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How to protect yourself from illegal drivers hiding in plain sight

Central Texas drivers hitting the streets illegally are hiding in plain sight and putting others at risk. (CBS Austin)

Central Texas drivers hitting the streets illegally are hiding in plain sight and putting others at risk.

According to the Texas Department of Motor Vehicles, on any given day there are 1 million vehicles traveling Texas roads with paper license plates. There are also thousands more on city streets with tags that are expired or completely fake.

Late last year Austin homeowner Lauren Renz caught a couple breaking into her truck. Their license plate was beat up and illegible.

"It kind of looked like it was an older dealer plate or something like that where it was faded," she recalls. She wasn't able to make out the plate number. No identification for the thieves allowed them to strike again a few days later. Austin Police officer Nicole Arnold says that's why people use fake plates -- to hide.

"It's an easy way to cover up criminal activity if you don't want someone to know this car belongs to you or this car is registered at this address," Arnold explains.

Dash camera video from August 2016 shows police arresting a driver with fake plates on Burnet Road.

"You can take one look at them. They're not legit," the officer says to the driver. Inside the vehicle police found methamphetamine. They also learned the driver should have never been behind the wheel.

"Your license is suspended like you said. You have no insurance on the vehicle. You don't live here in the city, so I can't give you a citation and let you go," one of the arresting officers explains to the driver.

According to APD records, in September 2017, a woman was driving Airport Boulevard near Levander Loop when she was hit by a driver who left the scene. The driver's license plate ended up being fake making it unlikely that driver will ever be found.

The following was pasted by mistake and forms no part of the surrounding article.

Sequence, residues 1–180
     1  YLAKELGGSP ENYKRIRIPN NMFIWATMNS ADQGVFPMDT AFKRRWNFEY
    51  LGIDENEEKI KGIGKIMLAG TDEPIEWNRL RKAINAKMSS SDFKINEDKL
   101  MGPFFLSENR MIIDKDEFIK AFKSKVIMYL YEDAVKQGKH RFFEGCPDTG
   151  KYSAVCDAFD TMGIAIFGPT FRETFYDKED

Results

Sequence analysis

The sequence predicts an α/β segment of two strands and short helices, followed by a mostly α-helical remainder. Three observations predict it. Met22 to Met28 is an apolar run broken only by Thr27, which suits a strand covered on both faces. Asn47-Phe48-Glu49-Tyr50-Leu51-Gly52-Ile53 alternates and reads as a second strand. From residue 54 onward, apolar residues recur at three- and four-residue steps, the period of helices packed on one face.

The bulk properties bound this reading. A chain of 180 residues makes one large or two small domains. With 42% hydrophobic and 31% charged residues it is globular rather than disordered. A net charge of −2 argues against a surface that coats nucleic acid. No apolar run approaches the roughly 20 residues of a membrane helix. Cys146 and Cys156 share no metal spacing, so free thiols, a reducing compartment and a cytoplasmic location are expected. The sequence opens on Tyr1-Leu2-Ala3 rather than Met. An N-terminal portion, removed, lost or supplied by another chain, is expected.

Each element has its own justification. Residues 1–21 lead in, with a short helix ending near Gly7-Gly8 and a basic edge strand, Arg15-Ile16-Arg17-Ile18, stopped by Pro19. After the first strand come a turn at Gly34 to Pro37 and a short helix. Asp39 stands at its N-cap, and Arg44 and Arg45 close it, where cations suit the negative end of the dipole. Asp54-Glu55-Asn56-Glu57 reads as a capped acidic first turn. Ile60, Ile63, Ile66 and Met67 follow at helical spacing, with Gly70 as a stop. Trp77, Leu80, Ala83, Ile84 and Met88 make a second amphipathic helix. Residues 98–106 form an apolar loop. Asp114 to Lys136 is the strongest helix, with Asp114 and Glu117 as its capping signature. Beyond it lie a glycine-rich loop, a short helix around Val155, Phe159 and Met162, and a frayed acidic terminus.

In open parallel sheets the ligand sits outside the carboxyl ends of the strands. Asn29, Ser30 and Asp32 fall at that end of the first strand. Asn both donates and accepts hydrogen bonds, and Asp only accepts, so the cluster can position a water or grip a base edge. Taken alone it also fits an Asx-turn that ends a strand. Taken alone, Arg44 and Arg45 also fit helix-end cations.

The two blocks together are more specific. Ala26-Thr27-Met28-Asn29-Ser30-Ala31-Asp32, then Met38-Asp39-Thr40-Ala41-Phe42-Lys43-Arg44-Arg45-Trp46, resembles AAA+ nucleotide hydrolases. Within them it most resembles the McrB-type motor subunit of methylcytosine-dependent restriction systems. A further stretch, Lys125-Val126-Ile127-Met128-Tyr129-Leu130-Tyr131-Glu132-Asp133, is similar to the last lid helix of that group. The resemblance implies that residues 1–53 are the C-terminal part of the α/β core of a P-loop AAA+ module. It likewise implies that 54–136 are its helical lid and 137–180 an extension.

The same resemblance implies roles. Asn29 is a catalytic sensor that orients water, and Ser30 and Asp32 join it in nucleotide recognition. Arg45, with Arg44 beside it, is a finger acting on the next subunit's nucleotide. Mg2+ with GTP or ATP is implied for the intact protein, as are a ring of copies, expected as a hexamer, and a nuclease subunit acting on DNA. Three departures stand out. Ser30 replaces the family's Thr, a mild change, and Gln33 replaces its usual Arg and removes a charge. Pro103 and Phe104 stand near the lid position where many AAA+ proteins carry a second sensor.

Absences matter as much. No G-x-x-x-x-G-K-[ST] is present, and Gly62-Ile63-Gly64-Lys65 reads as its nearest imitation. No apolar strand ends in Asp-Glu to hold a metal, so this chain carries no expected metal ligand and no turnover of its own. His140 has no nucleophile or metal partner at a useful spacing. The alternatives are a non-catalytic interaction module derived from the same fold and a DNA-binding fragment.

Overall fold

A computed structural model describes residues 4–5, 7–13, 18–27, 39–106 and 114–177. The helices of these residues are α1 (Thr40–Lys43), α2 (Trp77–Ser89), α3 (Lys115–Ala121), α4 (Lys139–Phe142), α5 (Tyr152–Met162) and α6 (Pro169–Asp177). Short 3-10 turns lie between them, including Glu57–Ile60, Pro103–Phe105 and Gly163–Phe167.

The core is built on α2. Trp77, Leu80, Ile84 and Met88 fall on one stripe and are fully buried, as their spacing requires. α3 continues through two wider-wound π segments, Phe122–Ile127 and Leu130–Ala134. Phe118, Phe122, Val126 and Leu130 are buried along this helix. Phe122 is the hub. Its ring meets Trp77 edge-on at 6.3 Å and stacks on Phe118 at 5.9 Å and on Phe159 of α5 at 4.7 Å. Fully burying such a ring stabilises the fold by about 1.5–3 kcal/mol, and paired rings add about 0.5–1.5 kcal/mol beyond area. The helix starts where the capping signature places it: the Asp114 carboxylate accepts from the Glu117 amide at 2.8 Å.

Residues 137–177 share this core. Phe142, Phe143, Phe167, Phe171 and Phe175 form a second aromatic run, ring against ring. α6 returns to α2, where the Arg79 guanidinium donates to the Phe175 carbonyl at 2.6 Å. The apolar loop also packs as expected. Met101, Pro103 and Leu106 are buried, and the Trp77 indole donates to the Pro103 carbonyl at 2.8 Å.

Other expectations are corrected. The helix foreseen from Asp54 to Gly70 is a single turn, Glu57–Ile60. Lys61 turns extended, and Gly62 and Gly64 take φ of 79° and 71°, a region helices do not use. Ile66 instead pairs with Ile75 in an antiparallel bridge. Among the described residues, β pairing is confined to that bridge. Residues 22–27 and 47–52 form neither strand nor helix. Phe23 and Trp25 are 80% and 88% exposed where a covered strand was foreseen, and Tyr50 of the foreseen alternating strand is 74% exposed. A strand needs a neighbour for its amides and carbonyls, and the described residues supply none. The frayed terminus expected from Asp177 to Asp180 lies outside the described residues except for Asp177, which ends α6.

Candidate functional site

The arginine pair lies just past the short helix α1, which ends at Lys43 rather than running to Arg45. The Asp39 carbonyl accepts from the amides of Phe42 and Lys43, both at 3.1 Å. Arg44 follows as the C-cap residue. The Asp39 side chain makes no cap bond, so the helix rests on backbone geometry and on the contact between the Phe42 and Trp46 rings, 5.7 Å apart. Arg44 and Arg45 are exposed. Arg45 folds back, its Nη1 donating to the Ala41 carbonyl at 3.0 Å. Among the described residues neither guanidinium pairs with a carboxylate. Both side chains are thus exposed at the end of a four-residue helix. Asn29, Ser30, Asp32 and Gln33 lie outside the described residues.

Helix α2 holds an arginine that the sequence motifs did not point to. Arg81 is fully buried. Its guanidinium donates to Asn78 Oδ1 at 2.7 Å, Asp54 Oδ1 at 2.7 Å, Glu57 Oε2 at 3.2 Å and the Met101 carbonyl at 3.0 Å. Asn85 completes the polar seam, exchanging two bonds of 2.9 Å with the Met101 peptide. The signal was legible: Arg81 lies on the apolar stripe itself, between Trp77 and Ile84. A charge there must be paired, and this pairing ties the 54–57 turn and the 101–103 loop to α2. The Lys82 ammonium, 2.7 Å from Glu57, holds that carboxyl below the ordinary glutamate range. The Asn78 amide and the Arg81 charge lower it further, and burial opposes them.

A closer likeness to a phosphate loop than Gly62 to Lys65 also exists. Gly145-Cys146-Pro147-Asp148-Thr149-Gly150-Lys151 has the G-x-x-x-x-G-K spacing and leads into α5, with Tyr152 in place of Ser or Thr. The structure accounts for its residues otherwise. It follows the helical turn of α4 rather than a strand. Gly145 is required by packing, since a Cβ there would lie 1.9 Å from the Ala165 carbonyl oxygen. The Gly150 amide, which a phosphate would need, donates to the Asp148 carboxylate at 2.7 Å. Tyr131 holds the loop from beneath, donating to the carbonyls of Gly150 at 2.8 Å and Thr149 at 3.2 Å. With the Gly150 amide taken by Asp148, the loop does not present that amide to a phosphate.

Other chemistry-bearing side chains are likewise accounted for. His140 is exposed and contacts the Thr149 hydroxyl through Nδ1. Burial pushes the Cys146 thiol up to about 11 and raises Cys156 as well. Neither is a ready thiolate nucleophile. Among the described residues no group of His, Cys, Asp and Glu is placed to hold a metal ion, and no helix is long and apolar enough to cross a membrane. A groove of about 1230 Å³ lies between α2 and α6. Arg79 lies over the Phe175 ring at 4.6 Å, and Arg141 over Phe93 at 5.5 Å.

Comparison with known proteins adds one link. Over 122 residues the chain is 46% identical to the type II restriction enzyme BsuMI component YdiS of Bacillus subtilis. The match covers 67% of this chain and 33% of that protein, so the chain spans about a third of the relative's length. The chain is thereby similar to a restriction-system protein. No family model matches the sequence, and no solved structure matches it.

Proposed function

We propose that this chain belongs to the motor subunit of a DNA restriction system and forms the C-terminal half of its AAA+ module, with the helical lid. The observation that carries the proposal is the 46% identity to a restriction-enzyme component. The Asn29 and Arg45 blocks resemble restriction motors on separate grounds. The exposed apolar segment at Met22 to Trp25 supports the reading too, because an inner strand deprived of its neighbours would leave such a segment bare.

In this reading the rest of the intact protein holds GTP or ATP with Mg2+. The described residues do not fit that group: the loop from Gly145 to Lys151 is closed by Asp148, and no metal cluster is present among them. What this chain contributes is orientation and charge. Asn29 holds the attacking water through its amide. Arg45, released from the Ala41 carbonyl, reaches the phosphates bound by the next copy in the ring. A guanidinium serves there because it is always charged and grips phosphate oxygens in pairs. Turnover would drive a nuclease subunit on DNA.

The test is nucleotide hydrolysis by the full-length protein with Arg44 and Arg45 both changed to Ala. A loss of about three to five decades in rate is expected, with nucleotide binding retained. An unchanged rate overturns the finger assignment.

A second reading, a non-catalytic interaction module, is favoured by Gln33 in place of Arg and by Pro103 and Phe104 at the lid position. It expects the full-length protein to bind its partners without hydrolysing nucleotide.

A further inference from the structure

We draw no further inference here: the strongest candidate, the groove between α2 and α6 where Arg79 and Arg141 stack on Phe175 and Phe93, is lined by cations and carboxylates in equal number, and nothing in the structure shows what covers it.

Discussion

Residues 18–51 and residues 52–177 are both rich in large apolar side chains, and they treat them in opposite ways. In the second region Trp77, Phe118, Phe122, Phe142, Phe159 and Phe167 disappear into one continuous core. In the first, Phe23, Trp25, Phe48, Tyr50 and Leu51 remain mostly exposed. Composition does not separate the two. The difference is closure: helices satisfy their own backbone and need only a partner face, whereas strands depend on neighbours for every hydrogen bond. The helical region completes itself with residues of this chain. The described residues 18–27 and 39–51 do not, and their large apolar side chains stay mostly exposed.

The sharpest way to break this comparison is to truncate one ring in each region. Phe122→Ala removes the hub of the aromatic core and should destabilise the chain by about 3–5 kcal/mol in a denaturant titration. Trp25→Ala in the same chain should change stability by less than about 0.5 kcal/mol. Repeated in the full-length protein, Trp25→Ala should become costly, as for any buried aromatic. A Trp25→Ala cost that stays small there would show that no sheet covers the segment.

"You don't have the insurance information. You don't have the registered owner. You don't have the address it returns to. You essentially have nothing," says Arnold.

In 2017 APD spotted 200 fictitious license plates on Austin streets. Most often drivers were hiding the fact that they didn't have a license or insurance.

Allstate agent Melissa Flemming says unlicensed and uninsured drivers are a growing problem. "It is absolutely something that I see weekly," says Flemming.

Fake plates or not -- Central Texas is crawling with illegal drivers. Flemming encourages her clients to get uninsured motorist coverage in case one of those drivers hits them. "It is a very frustrating experience, but knowing that it's not going to count against them and they can get their car fixed makes them feel a lot better about it," says Flemming.

After all, getting ahold of a fake paper license plate is easy as can be. Google "Texas temporary tag template" and the first link prompts you to download a plate that looks just like the real deal.

"All you really need is a printer and computer paper," says Arnold.

If you're lucky that person with a fake plate will cruise right on by, but if you're not and they hit you... it's likely you'll be the one paying.

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